About this photo (by Richard Drew), theologian Mark Thompson wrote:
Perhaps the most powerful image of despair at the beginning of the twenty-first century is not found in art, or literature, or even popular music. It is found in a single photograph.
I don't think it's an image of despair. But it is a more powerful image of 9/11 than any I have found in art, or literature, or music. Like so many of the thousands of images, we simply can't comprehend it wholly.
Ten years on we have no definitive, or even adequate, artistic response. Martin Amis gave us 'Mohammad Atta was very constipated.' Park Slope darling Jonathan Safran Foer went with some Haley Joel Osment bullshit...and a fucking flipbook of a Twin Tower jumper. Oliver Stone gave us Towering Inferno Redux. United 93 is nerve-racking, but not transformative. Even Don DeLillo, whose The Falling Man is sampled here, only managed to give us 15 pages actually about 9/11, and the rest is about compulsive gambling and modern art or some shit.
I think this might be because the events are so impossible to comprehend. Guys taking weeks of flight training, knowing it is all so they can kill themselves. Slitting pilots' throats with boxcutters. Flying airplanes into buildings. First, it seemed a tremendous and impossible accident--a plane crashing into the World Trade. Then another? What were we seeing? Was it a replay of the first? Listening to all the recordings in the first few minutes, no one knows what could be happening. It seemed impossible that the towers could collapse--how could modern American skyscrapers just crumble like that? Into nothing? Then those unbelievably fast, unbelievably dark clouds of smoke. The snowfall of ash, so much ash--all those buildings not reduced to chunks of rubble, but to all that unearthly dust. I saw the vestigal steel frame they called The Shroud. It was hard to believe that was all that was left of those two hugely massive buildings.
The World Trade Center was already an impenetrable part of the skyline. From far away they looked flat, dominating and looming yet almost insubstantial, changing color throughout the day from orange to fishscale-silver to absorbent black. Nearly featureless, brutalist, like monoliths. Up close their dizzying height, the steel frontage flying up, straight up.
And the jumpers: how can you hope to understand having to choose between burning to death or throwing yourself from eighty, ninety, a hundred stories up? About two hundred people did this. So when I look at that photo I see something I can't fathom.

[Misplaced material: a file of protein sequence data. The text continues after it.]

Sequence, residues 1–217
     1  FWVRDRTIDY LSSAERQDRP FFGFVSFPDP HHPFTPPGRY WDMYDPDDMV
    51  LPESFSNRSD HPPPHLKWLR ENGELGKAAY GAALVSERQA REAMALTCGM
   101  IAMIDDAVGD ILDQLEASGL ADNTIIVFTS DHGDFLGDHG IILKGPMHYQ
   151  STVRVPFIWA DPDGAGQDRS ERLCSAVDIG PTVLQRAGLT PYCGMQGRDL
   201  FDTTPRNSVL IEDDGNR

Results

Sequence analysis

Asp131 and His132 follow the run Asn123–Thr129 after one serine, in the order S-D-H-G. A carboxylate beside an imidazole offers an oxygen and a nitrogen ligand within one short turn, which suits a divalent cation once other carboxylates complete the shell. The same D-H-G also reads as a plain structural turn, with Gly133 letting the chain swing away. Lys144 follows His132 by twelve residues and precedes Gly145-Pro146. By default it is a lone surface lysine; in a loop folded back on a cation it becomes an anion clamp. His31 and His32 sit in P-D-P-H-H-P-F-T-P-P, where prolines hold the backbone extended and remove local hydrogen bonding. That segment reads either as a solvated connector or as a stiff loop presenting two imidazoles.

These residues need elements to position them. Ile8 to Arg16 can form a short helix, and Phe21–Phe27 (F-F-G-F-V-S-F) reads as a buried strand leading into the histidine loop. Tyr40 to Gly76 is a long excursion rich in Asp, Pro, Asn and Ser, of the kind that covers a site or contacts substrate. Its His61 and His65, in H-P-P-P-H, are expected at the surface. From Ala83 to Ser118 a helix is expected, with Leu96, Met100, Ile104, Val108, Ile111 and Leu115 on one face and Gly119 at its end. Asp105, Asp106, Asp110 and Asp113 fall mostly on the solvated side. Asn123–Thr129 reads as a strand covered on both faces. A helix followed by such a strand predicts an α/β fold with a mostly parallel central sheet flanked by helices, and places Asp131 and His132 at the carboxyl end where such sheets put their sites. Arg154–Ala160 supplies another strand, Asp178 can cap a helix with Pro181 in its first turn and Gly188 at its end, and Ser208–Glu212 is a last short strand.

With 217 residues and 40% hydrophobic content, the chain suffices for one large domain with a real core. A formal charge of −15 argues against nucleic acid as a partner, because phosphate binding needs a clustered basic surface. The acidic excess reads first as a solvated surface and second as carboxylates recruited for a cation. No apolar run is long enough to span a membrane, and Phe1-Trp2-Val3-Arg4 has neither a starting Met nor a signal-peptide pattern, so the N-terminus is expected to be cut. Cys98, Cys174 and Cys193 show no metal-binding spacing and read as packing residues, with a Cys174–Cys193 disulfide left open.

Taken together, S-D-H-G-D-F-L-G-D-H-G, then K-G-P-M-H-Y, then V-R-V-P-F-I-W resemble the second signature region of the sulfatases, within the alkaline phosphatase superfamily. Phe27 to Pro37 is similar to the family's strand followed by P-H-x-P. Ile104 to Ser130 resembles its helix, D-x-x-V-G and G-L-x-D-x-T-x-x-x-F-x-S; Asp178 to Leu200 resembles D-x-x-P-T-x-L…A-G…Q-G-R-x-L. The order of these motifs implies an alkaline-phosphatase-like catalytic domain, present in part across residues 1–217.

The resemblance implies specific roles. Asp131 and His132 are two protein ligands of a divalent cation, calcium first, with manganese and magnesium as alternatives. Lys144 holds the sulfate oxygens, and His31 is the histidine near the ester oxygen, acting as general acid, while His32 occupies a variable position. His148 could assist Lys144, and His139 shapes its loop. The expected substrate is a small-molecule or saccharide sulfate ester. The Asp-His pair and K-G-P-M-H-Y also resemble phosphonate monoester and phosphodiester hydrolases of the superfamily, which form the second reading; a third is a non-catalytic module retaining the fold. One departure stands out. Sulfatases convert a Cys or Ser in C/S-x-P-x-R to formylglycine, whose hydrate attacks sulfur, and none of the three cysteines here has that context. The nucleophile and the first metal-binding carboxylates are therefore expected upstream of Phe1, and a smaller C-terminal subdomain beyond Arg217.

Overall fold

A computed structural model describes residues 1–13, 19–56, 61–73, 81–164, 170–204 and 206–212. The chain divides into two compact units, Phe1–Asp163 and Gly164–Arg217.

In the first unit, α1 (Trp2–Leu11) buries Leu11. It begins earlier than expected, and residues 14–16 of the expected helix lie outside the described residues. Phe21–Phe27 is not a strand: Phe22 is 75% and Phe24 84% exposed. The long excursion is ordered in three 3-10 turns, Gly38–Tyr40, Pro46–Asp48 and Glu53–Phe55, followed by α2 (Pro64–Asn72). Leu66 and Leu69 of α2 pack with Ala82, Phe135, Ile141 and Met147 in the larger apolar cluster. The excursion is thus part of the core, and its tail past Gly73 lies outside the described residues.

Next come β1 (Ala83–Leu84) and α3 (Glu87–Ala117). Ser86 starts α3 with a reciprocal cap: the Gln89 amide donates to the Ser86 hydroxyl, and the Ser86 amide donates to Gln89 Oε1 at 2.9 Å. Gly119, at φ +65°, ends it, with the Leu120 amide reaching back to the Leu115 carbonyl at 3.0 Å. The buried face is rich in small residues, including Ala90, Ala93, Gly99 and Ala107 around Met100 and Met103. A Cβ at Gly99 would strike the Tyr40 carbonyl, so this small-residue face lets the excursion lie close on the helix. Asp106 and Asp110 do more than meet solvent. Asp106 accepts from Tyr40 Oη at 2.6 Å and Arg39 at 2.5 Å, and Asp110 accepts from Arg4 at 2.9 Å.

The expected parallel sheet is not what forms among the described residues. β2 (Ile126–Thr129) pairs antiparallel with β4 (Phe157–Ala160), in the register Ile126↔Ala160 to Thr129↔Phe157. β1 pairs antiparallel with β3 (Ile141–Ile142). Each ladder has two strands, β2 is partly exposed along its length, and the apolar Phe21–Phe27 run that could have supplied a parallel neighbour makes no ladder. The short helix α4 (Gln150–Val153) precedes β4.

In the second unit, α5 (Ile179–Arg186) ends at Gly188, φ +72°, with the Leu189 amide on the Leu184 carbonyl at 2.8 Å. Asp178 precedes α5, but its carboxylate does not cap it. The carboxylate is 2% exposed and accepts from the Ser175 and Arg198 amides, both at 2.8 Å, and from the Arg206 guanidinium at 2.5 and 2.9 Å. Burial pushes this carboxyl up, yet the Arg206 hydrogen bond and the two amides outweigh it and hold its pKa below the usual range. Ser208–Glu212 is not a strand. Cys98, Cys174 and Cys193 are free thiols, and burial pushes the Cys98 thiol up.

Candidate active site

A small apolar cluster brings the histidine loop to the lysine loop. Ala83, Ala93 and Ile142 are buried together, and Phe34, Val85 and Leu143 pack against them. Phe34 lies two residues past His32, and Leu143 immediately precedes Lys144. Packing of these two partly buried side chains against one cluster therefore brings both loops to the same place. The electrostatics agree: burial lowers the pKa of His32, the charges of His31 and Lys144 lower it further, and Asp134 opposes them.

If I see anything, I see Icarus. So much of 9/11 is Icarus: Mohammad Atta, the planes, the jumpers, the towers, America.
This year's remembrance swirls around what has changed, what hasn't changed, what have we learned, what haven't we learned. Forget all that noise. Listen. Remember. Try to grasp it.
Chapter 1 - A.M. Breakups / 005 - MHE / 9:03am - Clint Mansell/Kronos Quartet, Autolect, cLOUDDEAD / Clouds of Smoke (instrumental) - Call O' Da Wild / Icarus Falling Reprise - PSY/OPSogist / 9:59am-10:28am - Chris Craft, Brain Damage / Dead Flag Blues - godspeed! you black emperor / Snow (instrumental) - Roc Marciano
What we're seeing across North Africa and the Middle East is a youth revolution, driven by disenfranchisement and a lack of opportunities. Hip hop has always been the original soundtrack for that. It started in the city Ford told to drop dead, and since "The Message" it's been the theme music for angry young people whose rage is against poverty, ghettos and repression--political, racial and economic. Public Enemy made politics and fist-up rebellion their sound, and the torch's been carried by a handful since then.
Hip hop's been international for years, go get a late pass. I remember reading about Polish MCs in crumbling Soviet-era projects saying they couldn't understand the words of hip-hop, but the beats and the message still spoke to them. There are ghettos all over the world, and hip hop is there. OK, sure, it gets watered down here and over there as party music, gangsta posturing and fake rebellion in fitteds and sagging shorts, but on the real it's what Chuck D (in his Hannah Arendt moment) called 'the CNN of the ghetto,' now more than ever.
What we've seen across the Middle East and North Africa is inspiring. After a decade where the only option to fight against hopelessness seemed to be to put C4 in your underpants, the hashtag revolutions of 2011 have been unprecedented and unforeseen. If anyone had said six months ago 'gee, maybe there will be mass demonstrations which will overthrow governments in half a dozen countries,' they'd have been the laughingstock of the Rand Institute, CNN and the State Department. BREAKING NEWS: MIDEAST ANALYST IS A DREAMY HIPPIE, POSSIBLY HIGH.
I'm a little bit dubious about how much social media drove these uprisings. I mean, I make probably more than a gaggle of Tunisians, and I can't afford an iPhone. I don't check my Facebook that regular. It's probably a lot more complicated than that. But smarter people than me argue about it here, here, here and here.
Simultaneously, across the US mass protests are taking place at state capitols against budget cuts and depowering unions. In Europe, the same. Why are all these cuts taking place and screwing us? The financial crisis, brought about by the bankers and stockbrokers. The issue in the Middle East and North Africa isn't democracy, it's living standards, oppression and corruption. It's the same damn thing, but we're falling for the rope-a-dope.